- A migraine treatment developed by Washington-based Alder Biopharmaceuticals appeared to deliver less of a benefit over placebo than rival drugs, sending shares in the biotech down more than 20% in early Tuesday trading even though the Phase 3 study met its goal.
- Treatment with a 300 mg dose of Alder's drug, a CGRP inhibitor called eptinezumab, significantly reduced the number of monthly migraine days from baseline by 4.3 days over a three-month period. Patients studied in PROMISE-1 had frequent episodic migraine, defined as 14 headache days or less per month.
- But a high placebo response of 3.2 days translated to a placebo-adjusted lowering of 1.1 days, less than the near 2-day reductions seen in studies testing similar drugs from Eli Lilly & Co. and the team of Amgen and Novartis.
It's not often that a Phase 3 study succeeding on both primary and secondary endpoints cuts a biotech's stock price by a fifth.
Alder's eptinezumab, however, belongs to a closely watched class of drugs known as calcitonin gene-related peptide inhibitors that look set to bring a degree of relief to people suffering from chronic or episodic migraines.
Most existing options for migraine prevention were originally designed for other uses (Botox, for example), while other treatments do little to mitigate the underlying triggers which lead to episodic or chronic migraines. Yet, side effects and toxicity lead to discontinuation of treatment for many patients.
Due to the large potential market opportunity in the U.S., markets have been carefully following a quarter of monoclonal antibodies designed to target and block the CGRP pathway.
Phase 3 results for drugs from the team of Amgen and Novartis, and separately from Eli Lilly and Teva have read out over the past several quarters, setting the bar for Alder to keep up.
In PROMISE-1, the first of two pivotal Phase 3 studies, Alder tested 300 mg and 100 mg doses of eptinezumab. Both delivered a statistically significant reduction in the number of monthly migraine days over placebo, although the 300 mg dose led to better results.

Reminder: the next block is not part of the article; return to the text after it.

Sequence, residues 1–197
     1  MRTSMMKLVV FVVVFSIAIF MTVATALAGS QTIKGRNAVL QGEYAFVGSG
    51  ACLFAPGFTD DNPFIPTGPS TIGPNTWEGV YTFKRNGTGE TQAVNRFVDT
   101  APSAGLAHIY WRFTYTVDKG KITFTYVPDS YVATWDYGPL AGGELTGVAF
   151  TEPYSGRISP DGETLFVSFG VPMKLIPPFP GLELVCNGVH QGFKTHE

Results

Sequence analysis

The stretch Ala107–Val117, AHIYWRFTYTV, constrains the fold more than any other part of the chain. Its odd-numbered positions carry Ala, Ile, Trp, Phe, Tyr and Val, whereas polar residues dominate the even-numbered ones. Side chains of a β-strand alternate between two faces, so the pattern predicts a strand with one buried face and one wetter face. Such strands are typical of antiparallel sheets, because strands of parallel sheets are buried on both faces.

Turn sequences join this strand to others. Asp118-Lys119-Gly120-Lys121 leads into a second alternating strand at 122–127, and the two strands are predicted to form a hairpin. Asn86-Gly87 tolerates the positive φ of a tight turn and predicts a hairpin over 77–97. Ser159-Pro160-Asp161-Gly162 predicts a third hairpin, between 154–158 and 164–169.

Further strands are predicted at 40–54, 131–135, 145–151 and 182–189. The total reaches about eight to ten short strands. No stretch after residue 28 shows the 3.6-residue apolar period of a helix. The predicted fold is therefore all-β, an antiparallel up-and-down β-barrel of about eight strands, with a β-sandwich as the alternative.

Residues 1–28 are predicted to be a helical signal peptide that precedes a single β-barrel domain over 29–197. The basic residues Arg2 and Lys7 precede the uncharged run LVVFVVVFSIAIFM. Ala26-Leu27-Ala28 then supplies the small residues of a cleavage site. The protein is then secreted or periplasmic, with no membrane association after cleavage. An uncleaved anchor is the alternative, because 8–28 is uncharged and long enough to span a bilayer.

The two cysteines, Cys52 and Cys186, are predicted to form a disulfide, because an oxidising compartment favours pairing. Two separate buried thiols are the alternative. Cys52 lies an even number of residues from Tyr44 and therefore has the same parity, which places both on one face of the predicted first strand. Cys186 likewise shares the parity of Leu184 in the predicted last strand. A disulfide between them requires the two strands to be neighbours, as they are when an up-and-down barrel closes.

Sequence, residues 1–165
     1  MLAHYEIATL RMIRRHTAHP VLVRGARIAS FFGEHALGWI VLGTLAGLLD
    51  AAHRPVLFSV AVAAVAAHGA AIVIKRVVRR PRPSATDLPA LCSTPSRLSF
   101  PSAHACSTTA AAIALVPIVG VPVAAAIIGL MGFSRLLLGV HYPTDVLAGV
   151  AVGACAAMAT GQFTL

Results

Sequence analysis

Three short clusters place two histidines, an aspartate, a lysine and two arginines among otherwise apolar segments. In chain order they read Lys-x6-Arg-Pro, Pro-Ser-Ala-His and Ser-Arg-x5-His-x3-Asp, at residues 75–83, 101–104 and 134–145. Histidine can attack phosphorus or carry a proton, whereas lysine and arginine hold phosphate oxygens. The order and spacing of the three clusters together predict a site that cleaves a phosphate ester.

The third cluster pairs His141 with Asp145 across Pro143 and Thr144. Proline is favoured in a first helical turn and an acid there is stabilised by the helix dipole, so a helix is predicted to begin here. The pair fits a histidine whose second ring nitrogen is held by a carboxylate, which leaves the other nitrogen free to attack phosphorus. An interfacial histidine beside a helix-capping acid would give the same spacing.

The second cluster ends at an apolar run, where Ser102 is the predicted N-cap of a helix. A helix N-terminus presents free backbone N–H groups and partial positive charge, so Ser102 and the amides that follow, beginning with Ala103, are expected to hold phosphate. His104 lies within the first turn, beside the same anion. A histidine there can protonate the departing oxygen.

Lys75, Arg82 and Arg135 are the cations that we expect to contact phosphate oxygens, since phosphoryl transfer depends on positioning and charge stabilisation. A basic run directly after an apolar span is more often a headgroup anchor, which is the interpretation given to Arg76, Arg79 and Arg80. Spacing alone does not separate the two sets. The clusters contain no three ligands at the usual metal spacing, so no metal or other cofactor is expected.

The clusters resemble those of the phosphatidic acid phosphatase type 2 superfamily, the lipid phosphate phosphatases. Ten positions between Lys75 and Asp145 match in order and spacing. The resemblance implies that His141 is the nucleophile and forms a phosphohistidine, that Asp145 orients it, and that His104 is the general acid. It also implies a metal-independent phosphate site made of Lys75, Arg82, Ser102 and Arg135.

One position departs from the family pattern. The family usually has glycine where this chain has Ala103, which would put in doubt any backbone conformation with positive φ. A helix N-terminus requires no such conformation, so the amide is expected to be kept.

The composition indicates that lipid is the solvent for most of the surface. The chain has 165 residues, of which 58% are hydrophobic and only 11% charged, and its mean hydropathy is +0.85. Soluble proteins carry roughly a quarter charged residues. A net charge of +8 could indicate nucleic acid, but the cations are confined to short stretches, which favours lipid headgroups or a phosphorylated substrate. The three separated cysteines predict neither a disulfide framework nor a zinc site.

Notably, roughly 30% of patients taking the 300 mg dose experienced at least a 75% reduction in the number of monthly migraine days over the three-month period, compared to only 16.2% for placebo. Over the entire six months of study, an average of one in five patients saw 100% responses with no migraines in any given month, Alder said.
Results from these so-called 'super-responders' could help Alder stay competitive with its big pharma rivals, even if its placebo-adjusted reduction across the entire study check in a notch lower.
Eli Lilly's galcanezumab led to a 38% proportion of patients experiencing a 75% reduction or more in its EVOLVE-1 study, and a 33% to 34% share in the EVOLVE-2 partner trial.
Also in Alder's benefit was eptinezumab's rapid onset of prevention. At the 300 mg dosing, Alder reported a nearly 54% reduction in the proportion of patients experiencing migraine on the day following administration, versus only 21% for placebo.
For patients with higher migraine frequency, rapid onset of effect would translate to more immediate relief — an issue with current treatment options that can take time to show any benefit.
Alder continues to enroll patients into its PROMISE-2 study, which focuses on chronic migraine, and plans to file an application for approval of eptinezumab with the Food and Drug Administration in the second half of 2018.
That would likely put Alder fourth to market, if all goes according to plan among its rivals. Amgen has already submitted a Biologics License Application to the FDA for erenumab, while both Lilly and Teva plan to file a submission later this year.
Both Lilly's galcanezumab and Amgen/Novartis' erenumab are designed for once-monthly subcutaneous dosing. Teva and Alder are aiming for a less-frequent and more convenient quarterly dosing, although Alder's drug is administered intravenously, while Teva's is subcutaneous.